Comment Email Print LONDON — WikiLeaks founder Julian Assange on Tuesday lost his second bid in a week to overturn an arrest warrant that has prompted him to take refuge in Londons Ecuadorian Embassy for nearly six years.
In 2016, it published emails, hacked by Russian intelligence, that were damaging to Hillary Clintons presidential campaign. Mike Pompeo, the C.I.A. director, has said that WikiLeaks acts like a hostile intelligence service.
The Australian, 46, has been living in the Ecuadorean Embassy for more than five years and is wanted for failing to surrender to bail
Here are key points in his case since WikiLeaks burst onto the digital scene in 2010.
Attorney General Jeff Sessions said last year that arresting Mr. Assange was a priority for the Justice Department. But no charges against him have been made public, and it is not clear whether the department has prepared an indictment but kept it under seal.
Ecuador recently granted citizenship to Mr. Assange, 46, a native of Australia, but Britain rejected an Ecuadorean request to give him diplomatic immunity so that he could leave the embassy without fear of arrest.
UK judge upholds arrest warrant for Julian Assange
Mr. Assanges legal hurdles began in 2011, when Sweden requested that he be extradited there to face accusations that he had sexually assaulted two women. He said that the charges were politically motivated, that he would not get a fair trial there, and that Sweden might turn him over to the United States.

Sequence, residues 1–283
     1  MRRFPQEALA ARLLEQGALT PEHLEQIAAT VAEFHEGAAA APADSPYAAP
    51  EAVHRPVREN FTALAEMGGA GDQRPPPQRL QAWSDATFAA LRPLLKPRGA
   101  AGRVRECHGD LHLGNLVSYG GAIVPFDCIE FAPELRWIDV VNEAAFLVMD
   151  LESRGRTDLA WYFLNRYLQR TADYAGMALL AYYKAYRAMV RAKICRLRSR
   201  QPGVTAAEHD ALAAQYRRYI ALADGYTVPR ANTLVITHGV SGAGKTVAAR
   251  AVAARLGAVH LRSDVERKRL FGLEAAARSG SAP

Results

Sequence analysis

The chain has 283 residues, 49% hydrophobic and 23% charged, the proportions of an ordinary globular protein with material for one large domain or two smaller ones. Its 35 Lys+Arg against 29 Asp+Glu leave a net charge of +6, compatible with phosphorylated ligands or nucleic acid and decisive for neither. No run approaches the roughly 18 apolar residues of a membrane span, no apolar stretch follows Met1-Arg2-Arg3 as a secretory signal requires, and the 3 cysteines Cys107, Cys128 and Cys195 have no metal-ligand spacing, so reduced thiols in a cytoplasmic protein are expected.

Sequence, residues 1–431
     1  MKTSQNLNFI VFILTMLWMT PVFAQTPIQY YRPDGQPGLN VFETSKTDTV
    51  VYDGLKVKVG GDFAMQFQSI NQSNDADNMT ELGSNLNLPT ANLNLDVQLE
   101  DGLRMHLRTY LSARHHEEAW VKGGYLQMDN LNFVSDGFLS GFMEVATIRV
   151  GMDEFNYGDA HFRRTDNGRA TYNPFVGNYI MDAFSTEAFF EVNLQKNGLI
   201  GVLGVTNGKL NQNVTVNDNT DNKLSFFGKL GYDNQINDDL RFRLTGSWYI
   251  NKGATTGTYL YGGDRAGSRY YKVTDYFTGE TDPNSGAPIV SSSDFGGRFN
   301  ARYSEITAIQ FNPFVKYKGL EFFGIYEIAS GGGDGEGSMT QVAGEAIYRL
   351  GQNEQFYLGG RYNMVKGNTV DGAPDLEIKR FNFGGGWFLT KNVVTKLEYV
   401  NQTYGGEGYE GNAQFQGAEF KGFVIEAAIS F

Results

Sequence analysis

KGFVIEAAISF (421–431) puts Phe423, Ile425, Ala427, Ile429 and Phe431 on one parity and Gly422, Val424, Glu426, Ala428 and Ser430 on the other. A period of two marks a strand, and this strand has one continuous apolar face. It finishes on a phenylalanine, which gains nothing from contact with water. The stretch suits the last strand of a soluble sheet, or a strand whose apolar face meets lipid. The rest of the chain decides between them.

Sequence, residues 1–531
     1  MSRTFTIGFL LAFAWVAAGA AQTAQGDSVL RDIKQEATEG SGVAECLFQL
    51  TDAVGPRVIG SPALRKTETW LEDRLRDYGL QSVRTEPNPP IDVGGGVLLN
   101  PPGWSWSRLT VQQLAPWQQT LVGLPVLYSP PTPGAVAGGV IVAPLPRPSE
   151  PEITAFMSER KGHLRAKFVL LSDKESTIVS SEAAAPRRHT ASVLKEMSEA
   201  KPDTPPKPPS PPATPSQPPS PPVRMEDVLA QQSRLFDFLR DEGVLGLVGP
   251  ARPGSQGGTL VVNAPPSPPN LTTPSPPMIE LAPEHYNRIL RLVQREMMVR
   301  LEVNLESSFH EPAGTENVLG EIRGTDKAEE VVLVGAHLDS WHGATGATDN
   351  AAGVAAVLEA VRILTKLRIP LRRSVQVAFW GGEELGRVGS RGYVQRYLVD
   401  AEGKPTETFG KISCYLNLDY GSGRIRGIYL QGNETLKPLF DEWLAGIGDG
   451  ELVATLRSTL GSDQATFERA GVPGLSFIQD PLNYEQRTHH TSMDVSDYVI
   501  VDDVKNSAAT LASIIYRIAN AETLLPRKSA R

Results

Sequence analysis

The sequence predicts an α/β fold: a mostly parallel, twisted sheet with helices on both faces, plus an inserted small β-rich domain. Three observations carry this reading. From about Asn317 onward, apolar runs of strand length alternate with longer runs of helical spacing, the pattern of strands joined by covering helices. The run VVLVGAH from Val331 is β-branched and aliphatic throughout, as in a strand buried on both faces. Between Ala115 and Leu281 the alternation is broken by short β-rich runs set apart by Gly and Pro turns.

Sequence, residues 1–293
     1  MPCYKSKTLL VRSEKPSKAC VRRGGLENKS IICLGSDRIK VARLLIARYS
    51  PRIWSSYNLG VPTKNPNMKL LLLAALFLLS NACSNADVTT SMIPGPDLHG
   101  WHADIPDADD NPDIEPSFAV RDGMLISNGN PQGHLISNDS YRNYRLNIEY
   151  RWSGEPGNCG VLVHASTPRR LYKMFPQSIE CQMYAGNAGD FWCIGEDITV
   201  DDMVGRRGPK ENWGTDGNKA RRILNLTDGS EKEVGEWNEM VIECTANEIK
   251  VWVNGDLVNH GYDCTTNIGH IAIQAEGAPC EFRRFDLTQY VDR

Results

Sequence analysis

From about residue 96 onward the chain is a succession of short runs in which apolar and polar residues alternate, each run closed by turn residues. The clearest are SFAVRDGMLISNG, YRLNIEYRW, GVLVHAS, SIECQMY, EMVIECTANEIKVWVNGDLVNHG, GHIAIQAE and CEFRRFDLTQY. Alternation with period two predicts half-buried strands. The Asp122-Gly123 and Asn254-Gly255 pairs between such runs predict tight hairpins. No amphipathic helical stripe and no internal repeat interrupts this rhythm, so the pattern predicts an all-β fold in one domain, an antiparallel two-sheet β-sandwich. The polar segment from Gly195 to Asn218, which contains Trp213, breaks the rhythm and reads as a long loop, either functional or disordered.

Tuesday briefing: Julian Assange makes bid for freedom
After the British courts rejected his bid to quash the extradition request, Ecuador granted him asylum and he took refuge in the embassy. In doing so, he jumped bail, which resulted in the British arrest warrant.
Mr. Summers argued that Mr. Assanges fear that Sweden would hand him to the American authorities was reasonable justification for violating his bail conditions. Judge Arbuthnot said there was no evidence to think that would happen.
This week, news organizations reported that years ago, Swedish prosecutors considered giving up the sexual assault case, but their British counterparts urged them not to.
Last year, Swedish authorities did drop their investigation of Mr. Assange, along with the request to extradite him, and the arrest warrant is the only remaining legal issue that is publicly known.
In the latest bid to quash the warrant, Mr. Summers said that Mr. Assanges health had suffered from being unable to leave the embassy, and that he lacked exposure to sunlight. Judge Arbuthnot responded that Mr. Assanges health was adequate — she accepted that he had depression and a bad tooth — and she rejected the claim about sun deprivation, noting that he had spoken to reporters from a sunny balcony at the embassy.
Follow Richard Pérez-Peña and Iliana Magra on Twitter: @perezpena and @Magraki.
British judge refuses to withdraw arrest warrant for Julian Assange
A judge upheld a British arrest warrant for Julian Assange on Tuesday, saying the WikiLeaks founder should have the courage to come to court and face justice after more than five years inside Ecuadors London embassy.
Yes, Assange, well still nick you for skipping bail, rules court
Judge Emma Arbuthnot rejected arguments by Assanges lawyers that it no longer is in the public interest to arrest him for jumping bail in 2012 and seeking shelter in the embassy to avoid extradition to Sweden. Prosecutors there were investigating allegations of sexual assault and rape made by two women, which Assange has denied.